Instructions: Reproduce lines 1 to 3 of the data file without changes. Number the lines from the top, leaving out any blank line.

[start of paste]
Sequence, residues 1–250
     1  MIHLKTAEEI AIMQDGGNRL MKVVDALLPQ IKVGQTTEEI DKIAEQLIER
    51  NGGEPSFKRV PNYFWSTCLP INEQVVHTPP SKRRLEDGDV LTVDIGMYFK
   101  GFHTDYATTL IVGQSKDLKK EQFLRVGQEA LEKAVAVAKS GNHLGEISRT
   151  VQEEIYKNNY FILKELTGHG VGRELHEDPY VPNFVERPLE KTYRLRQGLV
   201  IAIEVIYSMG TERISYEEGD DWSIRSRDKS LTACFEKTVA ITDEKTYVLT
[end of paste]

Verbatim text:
Sequence, residues 1–250
     1  MIHLKTAEEI AIMQDGGNRL MKVVDALLPQ IKVGQTTEEI DKIAEQLIER
    51  NGGEPSFKRV PNYFWSTCLP INEQVVHTPP SKRRLEDGDV LTVDIGMYFK